When I was a young child, we didn’t have to worry about wildlife
getting strangled by six-pack rings, because these plastic binders
for cans had not been invented yet. I was 9 years old in 1961 when
this simple, convenient form of packaging was invented, so I
clearly remember the transition. (See Hi-Cone
At the time, nobody predicted the conservation consternation
that would be created by such a simple piece of plastic. During the
1970s and up to present, pictures of entrapped birds and other sea
creatures became common, suggesting that we at least cut the
plastic to save the animals. The first video provides a story of
Before the invention of six-pack rings, people bought soft
drinks and beer in cardboard packages, which sort of wrapped around
the cans. Pabst Blue Ribbon may have been the first beer sold in
cardboard cartons (second video), although Coca Cola may have
started the phase. The Coke
company claims to be the first to take its bottles out of
wooden crates and begin offering cardboard packaging for consumers
as early as 1923.
Baby river otters appear to be reluctant swimmers when they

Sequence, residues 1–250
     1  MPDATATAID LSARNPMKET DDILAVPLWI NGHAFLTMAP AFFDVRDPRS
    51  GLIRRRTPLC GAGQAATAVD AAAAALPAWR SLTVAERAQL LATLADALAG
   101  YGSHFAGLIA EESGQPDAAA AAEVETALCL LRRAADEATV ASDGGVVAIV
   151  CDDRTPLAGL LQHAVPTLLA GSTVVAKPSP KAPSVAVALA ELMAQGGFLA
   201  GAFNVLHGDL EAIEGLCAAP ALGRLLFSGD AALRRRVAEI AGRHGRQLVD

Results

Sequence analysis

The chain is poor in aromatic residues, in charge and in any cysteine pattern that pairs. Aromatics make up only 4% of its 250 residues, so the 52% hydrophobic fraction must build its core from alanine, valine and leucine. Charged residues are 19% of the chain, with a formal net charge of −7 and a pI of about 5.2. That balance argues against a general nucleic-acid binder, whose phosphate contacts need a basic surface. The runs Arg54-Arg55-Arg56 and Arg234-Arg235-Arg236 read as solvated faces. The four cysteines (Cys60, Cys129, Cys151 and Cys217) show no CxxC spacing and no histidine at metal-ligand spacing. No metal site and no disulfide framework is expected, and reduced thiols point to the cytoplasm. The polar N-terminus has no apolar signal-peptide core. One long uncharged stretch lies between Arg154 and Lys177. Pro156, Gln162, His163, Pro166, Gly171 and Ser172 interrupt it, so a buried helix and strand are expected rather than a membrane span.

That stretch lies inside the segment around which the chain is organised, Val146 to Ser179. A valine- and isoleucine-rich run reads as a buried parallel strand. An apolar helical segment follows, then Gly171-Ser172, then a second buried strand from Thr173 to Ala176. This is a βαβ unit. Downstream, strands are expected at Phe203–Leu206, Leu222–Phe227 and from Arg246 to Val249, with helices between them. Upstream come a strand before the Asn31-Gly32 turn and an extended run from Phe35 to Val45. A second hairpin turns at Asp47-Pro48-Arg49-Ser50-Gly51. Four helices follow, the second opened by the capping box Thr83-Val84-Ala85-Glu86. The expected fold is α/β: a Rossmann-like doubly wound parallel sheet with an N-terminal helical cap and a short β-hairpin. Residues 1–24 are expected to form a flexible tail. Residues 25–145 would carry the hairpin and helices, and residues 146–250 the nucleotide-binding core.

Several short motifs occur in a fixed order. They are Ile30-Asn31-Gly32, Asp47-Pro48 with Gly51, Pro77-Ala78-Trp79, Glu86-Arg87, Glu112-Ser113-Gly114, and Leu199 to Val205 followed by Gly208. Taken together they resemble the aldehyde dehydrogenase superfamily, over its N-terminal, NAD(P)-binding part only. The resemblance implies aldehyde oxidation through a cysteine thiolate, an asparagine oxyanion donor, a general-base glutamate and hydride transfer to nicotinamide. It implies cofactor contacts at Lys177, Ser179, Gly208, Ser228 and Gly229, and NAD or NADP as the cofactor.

enter the water for the very first time. As you can see in the
first video, the mother otter pulls, pushes and practically
wrestles her offspring to begin a swim lesson at Columbus Zoo in
The second video, from Oregon Zoo in Portland, features otter
keeper Becca VanBeek, who provides us some details about the life
of a young otter. Shown is a baby otter named Molalla. The mom
seems a bit rough with her baby, but she’s just trying to teach a
diving and breathing pattern.
If we want to be formal about it, what should we call a baby
otter? A baby walrus is called a calf, and a baby sea lion is
called a pup. So a baby otter is called a ______? If you said pup,
you are right.
Now for the parents. If a male walrus is called a bull and a
male sea lion is also called a bull, what is a male otter called?
The answer is boar, but please don’t ask me who comes up with this
stuff. Correspondingly, female walruses and female sea lions are
called cows, while female otters are called sows.
Thirteen kinds of otters exist in the world. Some, such as the
sea cat of South America, are so endangered that almost nothing is
known about them Read about all 13 on the h2g2 website.